To see that 1 $\implies$ 3, we proceed by contrapositive, so suppose that there exist $a,b\in\Bbb R$ with $a<b$ such that for all $p\in\Bbb Z$ and all $n\in\Bbb N,$ we have $\frac{p}{2^n}\le a$ or $\frac{p}{2^n}\ge b$. For each $n\in\Bbb N,$ let $p_n$ the greatest integer $p$ such that $\frac{p}{2^n}\le a.$ (By the Well-ordering property of $\Bbb N,$ such a $p_n$ exists.) From this, it follows by hypothesis that $$\frac{p_n}{2^n}\le a<b\le\frac{p_n+1}{2^n}$$ for all $n\in\Bbb N$. But then $$0<b-a\le\frac{p_n+1}{2^n}-\frac{p_n}{2^n}=\frac1{2^n}$$ for all $n\in\Bbb N.$ Since $n<2^n$ for all $n\in\Bbb N,$ then it follows that $0<b-a<\frac1n$ for all $n\in\Bbb N,$ and so the Archimedean property fails. Thus, by contrapositive, 1 $\implies$ 3.

• Why does the Archimedean property require n to belong to N? Can’t n belong to Q or n belong to R？If we let n belong to Q or n belong to R, this property seems to be more powerful! Commented May 29 at 20:37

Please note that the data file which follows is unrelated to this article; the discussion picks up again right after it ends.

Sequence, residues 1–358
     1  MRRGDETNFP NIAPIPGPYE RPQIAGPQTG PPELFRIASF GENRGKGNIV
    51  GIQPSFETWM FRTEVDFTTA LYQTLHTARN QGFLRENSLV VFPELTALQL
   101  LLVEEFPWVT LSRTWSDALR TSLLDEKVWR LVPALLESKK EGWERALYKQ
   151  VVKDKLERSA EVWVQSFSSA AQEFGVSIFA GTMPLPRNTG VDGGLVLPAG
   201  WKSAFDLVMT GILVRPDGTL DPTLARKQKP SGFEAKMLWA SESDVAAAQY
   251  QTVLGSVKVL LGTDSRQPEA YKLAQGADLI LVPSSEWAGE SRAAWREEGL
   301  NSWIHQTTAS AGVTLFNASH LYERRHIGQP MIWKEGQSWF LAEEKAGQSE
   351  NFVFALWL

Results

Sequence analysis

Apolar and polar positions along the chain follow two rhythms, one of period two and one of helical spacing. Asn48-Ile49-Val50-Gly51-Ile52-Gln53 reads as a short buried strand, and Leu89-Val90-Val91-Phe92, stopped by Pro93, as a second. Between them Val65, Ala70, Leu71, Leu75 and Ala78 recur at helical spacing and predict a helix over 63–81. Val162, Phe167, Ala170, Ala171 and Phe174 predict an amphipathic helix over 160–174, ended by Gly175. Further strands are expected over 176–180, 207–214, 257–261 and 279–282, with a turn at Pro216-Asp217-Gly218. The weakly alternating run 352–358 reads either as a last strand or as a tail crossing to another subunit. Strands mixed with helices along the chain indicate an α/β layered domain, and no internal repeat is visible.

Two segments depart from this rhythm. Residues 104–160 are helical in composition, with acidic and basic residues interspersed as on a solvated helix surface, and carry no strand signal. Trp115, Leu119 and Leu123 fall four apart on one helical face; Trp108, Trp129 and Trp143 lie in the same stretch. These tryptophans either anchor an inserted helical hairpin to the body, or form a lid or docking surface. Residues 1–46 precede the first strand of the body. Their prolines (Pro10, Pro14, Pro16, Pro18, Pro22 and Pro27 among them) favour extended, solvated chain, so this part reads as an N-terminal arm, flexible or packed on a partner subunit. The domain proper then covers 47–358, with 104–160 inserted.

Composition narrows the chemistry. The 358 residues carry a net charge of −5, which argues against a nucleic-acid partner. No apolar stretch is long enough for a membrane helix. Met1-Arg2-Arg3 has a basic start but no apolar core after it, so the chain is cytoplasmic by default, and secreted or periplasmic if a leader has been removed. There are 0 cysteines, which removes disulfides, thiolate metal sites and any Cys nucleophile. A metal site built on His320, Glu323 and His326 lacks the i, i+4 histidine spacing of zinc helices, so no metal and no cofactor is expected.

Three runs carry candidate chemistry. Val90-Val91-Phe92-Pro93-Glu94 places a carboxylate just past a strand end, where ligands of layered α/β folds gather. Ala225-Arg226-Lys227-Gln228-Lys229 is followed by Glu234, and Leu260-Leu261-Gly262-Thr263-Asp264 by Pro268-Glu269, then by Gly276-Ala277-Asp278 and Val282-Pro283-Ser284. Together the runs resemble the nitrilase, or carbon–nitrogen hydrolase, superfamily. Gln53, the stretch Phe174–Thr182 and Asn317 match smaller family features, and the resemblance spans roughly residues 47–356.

• @bokabokaboka, it may seem that way, but if we replace it with a rational $n,$ it's equivalent (a nice exercise to prove, and along similar lines to the proof in my answer). It's actually weaker if we replace $n\in\Bbb N$ with a more general $n$ in the ordered field. For example, consider the field of rational functions, say $\Bbb F,$ which is not Archimedean, but has the property that for all $f\in\Bbb F,$ there exists some $g\in\Bbb F$ such that $f<g.$ Commented May 30 at 2:52